Here is the latest installment in an ambitious documentary series tracing the lives of more than a dozen British men and women in seven-year increments. Inspired by the Jesuit maxim, "Give me the child until he is seven, and I will show you the man," filmmaker Michael Apted (Coal Miner's Daughter, Gorillas in the Mist, Nell) zeros in on his subjects who are all experiencing middle age. He skillfully unites new interviews with clips and footage from previous segments starting with the initial one in 1964. Although three of the original number have dropped out of the project, those who share their lives with us are a varied lot including a cabbie, a married woman who has found fulfillment counseling the bereaved, and a University of Wisconsin physicist.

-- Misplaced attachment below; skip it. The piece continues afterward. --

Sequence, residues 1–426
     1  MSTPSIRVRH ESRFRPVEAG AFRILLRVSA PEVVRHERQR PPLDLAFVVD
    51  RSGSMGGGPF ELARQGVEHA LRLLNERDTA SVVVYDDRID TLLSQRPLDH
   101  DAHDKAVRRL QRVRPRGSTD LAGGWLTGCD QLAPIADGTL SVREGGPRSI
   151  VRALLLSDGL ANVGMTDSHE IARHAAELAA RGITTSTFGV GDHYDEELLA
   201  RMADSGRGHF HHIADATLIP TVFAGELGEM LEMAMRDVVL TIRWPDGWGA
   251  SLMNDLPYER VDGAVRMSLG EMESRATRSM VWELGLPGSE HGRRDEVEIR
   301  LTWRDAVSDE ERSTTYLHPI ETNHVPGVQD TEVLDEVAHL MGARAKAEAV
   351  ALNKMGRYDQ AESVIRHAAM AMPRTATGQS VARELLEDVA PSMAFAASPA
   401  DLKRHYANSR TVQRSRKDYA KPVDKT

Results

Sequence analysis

Class, wealth, and social status have influenced the destinies of this mixed group. They face the universal challenges of regret over roads not taken, grief over the deaths of their parents, the emotional traumas of divorce, and the joys of raising children. Three of the most touching interviews are those with Bruce, an upper-class youth who dreamed of becoming a missionary and now teaches minority students at a Catholic High School for girls; Jackie, a single parent raising three kids and suffering from rheumatoid arthritis; and Neil, a troubled man who has rebounded from homelessness, warded off mental illness, and is now active in local politics in London.
Hats off to the dedication, patience, and creativity of Michael Apted who has convinced us that the journey of every human being is eminently edifying and compelling.